There are some trouble spots for Lance Inc., which is the bad news. The good news is that all of them can be fixed with some time and effort. Lance, once referred to as the “largest snack food manufacturer in the U.S.” bye Forbes saw some decreases in many areas of the company in fiscal year 1994. The company has shown might in the past. The might that is speak of is seen when looking at the competition that Lance goes to war with everyday in the supermarket and convenience stores. Lance puts its products up against the mighty conglomerates such as Frito-Lay owned by PepsiCo, Borden, Nabisco, and Eagle. Lance has long been a family oriented business, and remains that today. Lance has presented consistent financial reports in the past. Increased competition in the snack food industry has caused some of the disappointing numbers that were seen in the 1994 financial statements. I am here to tell you the numbers you put up for fiscal year 1994 can be turned around and make fiscal year 1995 a profitable year for Lance Inc.
The first area I would like to focus on is the advertisement strategy. I read that the advertising campaign was resumed in 1994, this is a sector of your business that has been dormant for many years. Due to increased competition in the snack foods industry there is an urgent need for an aggressive ad campaign for your company. You may be asking yourself, “Won’t this campaign cost a lot of money, and therefore reduce are net income?” I am here to tell you that an aggressive ad campaign focused in the areas where your products are not selling well will increase the visibility of the product to the consumer and that increase sales dramatically. I can see a great opportunity in the expanded chocolate department. With this department newly renovated a push for those products in vending machines and convenience stores would be a wonderful opportunity to gain profits from the expanded sector of Lance. In conclusion, an aggressive advertising campaign would bring more of the competition’s consumers to Lance, giving your company more of the market share.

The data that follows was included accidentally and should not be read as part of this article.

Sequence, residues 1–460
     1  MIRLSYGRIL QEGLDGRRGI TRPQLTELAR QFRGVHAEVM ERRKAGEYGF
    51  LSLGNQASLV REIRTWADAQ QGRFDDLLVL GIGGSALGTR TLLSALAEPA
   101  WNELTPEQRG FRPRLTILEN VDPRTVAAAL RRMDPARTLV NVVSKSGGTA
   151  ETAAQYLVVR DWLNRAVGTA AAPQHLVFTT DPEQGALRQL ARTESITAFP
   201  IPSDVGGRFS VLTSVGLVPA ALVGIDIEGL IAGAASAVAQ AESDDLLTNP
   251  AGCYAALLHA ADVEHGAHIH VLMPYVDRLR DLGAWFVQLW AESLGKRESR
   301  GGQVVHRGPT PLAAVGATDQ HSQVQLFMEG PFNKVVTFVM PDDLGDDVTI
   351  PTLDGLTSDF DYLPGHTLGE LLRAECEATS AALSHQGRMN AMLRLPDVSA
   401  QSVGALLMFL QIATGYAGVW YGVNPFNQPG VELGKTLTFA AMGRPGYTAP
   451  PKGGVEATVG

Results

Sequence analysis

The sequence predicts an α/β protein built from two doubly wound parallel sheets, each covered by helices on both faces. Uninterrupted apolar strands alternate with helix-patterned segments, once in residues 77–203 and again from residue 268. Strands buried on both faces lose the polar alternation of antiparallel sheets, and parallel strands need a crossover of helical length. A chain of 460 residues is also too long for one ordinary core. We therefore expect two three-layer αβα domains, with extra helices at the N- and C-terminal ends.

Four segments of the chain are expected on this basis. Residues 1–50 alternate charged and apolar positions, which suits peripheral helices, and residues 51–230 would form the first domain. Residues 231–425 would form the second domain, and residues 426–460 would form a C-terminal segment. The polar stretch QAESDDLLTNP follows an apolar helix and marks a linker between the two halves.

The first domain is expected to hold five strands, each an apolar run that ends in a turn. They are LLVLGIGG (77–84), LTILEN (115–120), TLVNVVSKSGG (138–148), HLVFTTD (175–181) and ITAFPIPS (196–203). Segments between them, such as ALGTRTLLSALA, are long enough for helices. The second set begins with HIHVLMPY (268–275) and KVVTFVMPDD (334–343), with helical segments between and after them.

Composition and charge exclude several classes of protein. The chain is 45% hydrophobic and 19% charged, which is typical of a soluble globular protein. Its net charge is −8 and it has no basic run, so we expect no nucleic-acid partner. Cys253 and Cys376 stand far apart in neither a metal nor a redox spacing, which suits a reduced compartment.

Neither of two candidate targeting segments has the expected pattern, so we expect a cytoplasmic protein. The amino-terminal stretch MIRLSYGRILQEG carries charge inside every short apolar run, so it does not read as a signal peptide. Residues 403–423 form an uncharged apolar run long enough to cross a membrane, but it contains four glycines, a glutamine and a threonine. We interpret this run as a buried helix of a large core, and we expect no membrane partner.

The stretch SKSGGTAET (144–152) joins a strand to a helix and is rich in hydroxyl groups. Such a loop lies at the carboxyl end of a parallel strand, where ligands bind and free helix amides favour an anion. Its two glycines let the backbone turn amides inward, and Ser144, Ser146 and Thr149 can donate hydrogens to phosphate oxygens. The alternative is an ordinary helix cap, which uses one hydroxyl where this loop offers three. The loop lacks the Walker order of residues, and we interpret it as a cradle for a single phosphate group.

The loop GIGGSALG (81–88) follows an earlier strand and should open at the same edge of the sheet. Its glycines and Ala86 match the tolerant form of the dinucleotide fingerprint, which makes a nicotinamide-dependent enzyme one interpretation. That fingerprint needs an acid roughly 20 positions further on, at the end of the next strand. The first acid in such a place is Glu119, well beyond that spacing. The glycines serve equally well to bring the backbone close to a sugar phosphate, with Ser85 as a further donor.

The second area of Lance that I would like to address is the ability to change, and the development and promotion of new products. In 1998 you, the Lance Company, make a corporate decision to make your snack foods healthier by making them low in cholesterol and low in fat. This was an excellent corporate decision seeing that the consumer economy was moving toward a healthier conscious life style. The other area I would like to discuss is the development of new products. When your company was founded Mr. Phillip L. Lance did not play follow the leader. He was an innovator. He decided that the Lance Company would be the first to package and sell peanut butter crackers. What I would like to encourage the Lance Company to do for fiscal year 1995 is to begin working and testing new products. If the product tests out well design and advertising campaign to draw attention to the new product. I believe that Lance gave up on a valuable product in the honey coated peanuts, that later swept the market when Anheuser-Busch’s Eagle Snacks marketed the “Honey-Roasted Peanuts”. Opportunities like these should not be passed up in the future. New products give recognition to other products and make them more profitable. I understand that at the time Lance’s advertising strategy was one of no advertising at all. With the advent of the advertising in the Lance Corporation again there are many opportunities for new product development.